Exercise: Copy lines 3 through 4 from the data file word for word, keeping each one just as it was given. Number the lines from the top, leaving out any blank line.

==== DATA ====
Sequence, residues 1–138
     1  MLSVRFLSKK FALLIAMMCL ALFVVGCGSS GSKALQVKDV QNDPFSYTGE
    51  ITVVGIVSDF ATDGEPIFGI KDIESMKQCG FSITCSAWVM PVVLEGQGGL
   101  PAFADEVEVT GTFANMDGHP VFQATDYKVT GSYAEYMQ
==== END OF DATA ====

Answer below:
    51  ITVVGIVSDF ATDGEPIFGI KDIESMKQCG FSITCSAWVM PVVLEGQGGL
   101  PAFADEVEVT GTFANMDGHP VFQATDYKVT GSYAEYMQ